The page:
FIG. 1 illustrates a bi-directional current mirror 10 (or bi-directional current source) constructed according to the teachings of the present invention. As shown in FIG. 1, current mirror 12 is coupled to a switch, which in a particular embodiment is a transistor 14. The current mirror 12 comprises transistors 16 and 18. The gates of transistor 16 and 18 are coupled together, and coupled to the drain of transistor 16. Furthermore, the sources of transistors 16 and 18 are commonly coupled, and coupled to the drain of transistor 14. The source of transistor 14 is coupled to ground.
In operation of bi-directional current mirror 10, a control current I1 is provided to transistor 16 as shown in FIG. 1. This control current I1 controls the magnitude of I2, a mirrored current, which is the current flowing through transistor 18. The magnitude of I2 depends on the magnitude of I1 and the widths of transistors 16 and 18. When the widths of transistors 16 and 18 are equal, for example, the magnitude of I2 will equal that of I1, under proper circuit operating conditions.
The direction of I2 depends on the state of the switch, transistor 14. If transistor 14 is on (the switch closed), then I2 flows through transistor 18 towards transistor 14 and to ground. If transistor 14 is off (the switch open), then I2 flows out of the drain of transistor 18 as indicated in FIG. 1. With transistor 14 off, the drain and source of transistor 18 are actually inverted, and transistor 18 operates as an extension to the gate length of transistor 16. Thus, with transistor 14 off, transistor 16 and 18 operate as a single diode-connected transistor with additional gate length. With transistor 14 off, therefore, the magnitude of I2 is substantially equal to that of I1. The state of transistor 14 is controlled by the voltage on its gate.
FIG. 2 illustrates a current controlled oscillator 19 constructed according to the teachings of the present invention. As shown in FIG. 2, capacitor 20 is coupled between the drain of transistor 18 and ground. The drain of transistor 18 is also coupled to the input of a trigger, which in a particular embodiment is Schmitt trigger 22. The output of Schmitt trigger 22 is coupled to the gate of transistor 14.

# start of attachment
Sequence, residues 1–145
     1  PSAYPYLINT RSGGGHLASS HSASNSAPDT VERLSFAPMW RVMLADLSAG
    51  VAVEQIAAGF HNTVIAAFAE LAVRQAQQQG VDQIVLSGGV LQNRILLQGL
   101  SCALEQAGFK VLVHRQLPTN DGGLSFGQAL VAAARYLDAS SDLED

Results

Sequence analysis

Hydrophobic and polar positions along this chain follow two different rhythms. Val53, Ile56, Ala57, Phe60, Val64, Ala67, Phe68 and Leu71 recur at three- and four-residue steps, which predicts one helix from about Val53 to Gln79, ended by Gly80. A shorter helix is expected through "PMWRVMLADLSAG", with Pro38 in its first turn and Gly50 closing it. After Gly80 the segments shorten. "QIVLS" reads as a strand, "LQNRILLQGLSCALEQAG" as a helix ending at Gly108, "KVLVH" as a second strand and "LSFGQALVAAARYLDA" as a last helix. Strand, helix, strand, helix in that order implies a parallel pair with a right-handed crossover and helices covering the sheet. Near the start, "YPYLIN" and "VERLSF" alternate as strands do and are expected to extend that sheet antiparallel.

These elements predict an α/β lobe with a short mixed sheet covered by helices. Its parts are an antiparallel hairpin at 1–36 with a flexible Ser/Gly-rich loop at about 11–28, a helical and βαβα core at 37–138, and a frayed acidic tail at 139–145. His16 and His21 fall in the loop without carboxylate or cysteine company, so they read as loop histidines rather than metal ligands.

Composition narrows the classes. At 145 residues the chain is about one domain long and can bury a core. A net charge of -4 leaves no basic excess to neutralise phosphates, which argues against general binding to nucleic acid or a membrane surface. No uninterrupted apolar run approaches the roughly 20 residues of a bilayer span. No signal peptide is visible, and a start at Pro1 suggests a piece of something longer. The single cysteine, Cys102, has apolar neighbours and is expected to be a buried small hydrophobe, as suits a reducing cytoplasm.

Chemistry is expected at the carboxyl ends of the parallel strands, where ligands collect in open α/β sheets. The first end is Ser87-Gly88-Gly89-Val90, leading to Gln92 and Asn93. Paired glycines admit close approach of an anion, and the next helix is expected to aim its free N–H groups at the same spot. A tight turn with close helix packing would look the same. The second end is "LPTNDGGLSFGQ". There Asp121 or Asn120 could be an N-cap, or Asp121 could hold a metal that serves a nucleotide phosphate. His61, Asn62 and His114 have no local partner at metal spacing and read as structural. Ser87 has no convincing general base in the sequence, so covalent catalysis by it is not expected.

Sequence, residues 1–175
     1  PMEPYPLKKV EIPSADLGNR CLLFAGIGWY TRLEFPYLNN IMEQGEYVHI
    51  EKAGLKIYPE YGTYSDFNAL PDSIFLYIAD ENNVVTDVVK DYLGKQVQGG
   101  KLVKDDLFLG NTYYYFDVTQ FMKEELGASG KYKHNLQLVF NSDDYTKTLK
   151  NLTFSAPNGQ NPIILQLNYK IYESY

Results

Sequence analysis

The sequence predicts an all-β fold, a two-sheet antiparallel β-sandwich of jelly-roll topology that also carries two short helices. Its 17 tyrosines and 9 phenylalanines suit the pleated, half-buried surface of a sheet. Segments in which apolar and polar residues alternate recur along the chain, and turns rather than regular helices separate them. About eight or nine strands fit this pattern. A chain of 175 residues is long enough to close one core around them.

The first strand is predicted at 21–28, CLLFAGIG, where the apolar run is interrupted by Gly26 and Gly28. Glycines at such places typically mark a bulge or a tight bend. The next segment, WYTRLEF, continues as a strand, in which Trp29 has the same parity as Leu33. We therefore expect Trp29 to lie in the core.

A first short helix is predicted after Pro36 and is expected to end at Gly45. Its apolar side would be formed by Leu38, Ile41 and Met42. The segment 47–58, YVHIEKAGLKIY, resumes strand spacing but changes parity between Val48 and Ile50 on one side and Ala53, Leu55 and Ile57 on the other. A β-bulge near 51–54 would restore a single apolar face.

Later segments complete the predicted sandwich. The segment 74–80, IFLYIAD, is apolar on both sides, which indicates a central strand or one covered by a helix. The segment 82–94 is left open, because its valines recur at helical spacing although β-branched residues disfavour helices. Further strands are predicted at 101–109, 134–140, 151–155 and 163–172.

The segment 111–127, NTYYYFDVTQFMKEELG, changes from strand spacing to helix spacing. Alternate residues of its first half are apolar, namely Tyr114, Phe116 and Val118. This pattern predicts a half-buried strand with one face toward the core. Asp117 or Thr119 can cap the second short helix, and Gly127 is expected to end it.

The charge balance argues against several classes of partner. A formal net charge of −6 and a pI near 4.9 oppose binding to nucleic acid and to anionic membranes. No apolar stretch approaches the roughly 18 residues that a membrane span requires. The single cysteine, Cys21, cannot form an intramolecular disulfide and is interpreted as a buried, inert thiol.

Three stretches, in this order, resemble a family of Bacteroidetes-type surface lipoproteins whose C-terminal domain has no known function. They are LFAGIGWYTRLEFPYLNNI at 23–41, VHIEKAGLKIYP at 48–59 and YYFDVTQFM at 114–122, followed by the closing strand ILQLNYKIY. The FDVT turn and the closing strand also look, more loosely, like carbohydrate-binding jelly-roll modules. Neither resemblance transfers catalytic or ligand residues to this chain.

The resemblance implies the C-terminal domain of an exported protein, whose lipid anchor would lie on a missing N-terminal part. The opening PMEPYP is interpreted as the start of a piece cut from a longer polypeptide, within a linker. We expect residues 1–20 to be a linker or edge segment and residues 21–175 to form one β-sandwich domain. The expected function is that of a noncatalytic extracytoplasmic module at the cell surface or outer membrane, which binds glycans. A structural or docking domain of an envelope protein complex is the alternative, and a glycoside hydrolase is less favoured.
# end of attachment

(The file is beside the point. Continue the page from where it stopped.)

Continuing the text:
In operation of the current controlled oscillator 19 of FIG. 2, the control current, I1, is provided to current mirror 12. Depending on the state of transistor 14, capacitor 20 will either be charged or discharged through current mirror 12 by mirrored current I2. Because the magnitude of I2 is related to the magnitude of I1, as described above, the magnitude of control current I1 controls the rate at which capacitor 20 is charged and discharged, and thus the frequency of oscillation. Furthermore, an embodiment with the width of transistor 16 different than that of transistor 18 will produce a charging rate that is different than the discharging rate, thereby allowing for variations in the duty cycle of the output wave. With the widths the same, a substantially 50% duty cycle results.
Schmitt trigger 20 outputs a voltage, for example 5 volts, when capacitor 20 is charged to a particular high voltage threshold. Once this high voltage threshold is reached, the output of Schmitt trigger 22 will cause transistor 14 to turn on, thereby reversing the current direction of I2 towards ground. This will result in capacitor 20 discharging. When capacitor 20 discharges to a particular low voltage threshold, the output of Schmitt trigger 22 will drop to a low voltage output level, for example 0 volts. This low voltage output level of Schmitt trigger 22 will in turn cause transistor 14 to turn off, thereby again reversing the direction of current I2, resulting in the charging of capacitor 20. As capacitor 20 is charged again, Schmitt trigger 22 will output its high voltage output level when capacitor 20 is charged to the high voltage threshold, as discussed above. This process continues, providing the appropriate oscillator output signal. The output signal of the oscillator 19 is taken from the output of Schmitt trigger 22.